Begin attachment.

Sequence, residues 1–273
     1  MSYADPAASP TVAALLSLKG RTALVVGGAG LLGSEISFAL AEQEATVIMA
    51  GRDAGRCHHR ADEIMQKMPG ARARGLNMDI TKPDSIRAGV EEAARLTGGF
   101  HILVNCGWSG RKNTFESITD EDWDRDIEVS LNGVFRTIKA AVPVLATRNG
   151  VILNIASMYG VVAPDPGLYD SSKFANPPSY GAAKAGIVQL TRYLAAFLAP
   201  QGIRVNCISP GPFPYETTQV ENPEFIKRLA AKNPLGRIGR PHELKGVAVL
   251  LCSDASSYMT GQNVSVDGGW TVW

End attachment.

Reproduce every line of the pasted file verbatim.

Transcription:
Sequence, residues 1–273
     1  MSYADPAASP TVAALLSLKG RTALVVGGAG LLGSEISFAL AEQEATVIMA
    51  GRDAGRCHHR ADEIMQKMPG ARARGLNMDI TKPDSIRAGV EEAARLTGGF
   101  HILVNCGWSG RKNTFESITD EDWDRDIEVS LNGVFRTIKA AVPVLATRNG
   151  VILNIASMYG VVAPDPGLYD SSKFANPPSY GAAKAGIVQL TRYLAAFLAP
   201  QGIRVNCISP GPFPYETTQV ENPEFIKRLA AKNPLGRIGR PHELKGVAVL
   251  LCSDASSYMT GQNVSVDGGW TVW